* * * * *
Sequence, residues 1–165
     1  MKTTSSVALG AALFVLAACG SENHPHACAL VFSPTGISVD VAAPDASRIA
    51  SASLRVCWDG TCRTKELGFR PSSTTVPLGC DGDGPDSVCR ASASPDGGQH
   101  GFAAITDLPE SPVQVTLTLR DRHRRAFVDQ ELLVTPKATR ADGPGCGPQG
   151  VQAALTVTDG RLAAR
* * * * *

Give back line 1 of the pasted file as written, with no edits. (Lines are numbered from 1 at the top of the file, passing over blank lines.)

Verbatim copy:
Sequence, residues 1–165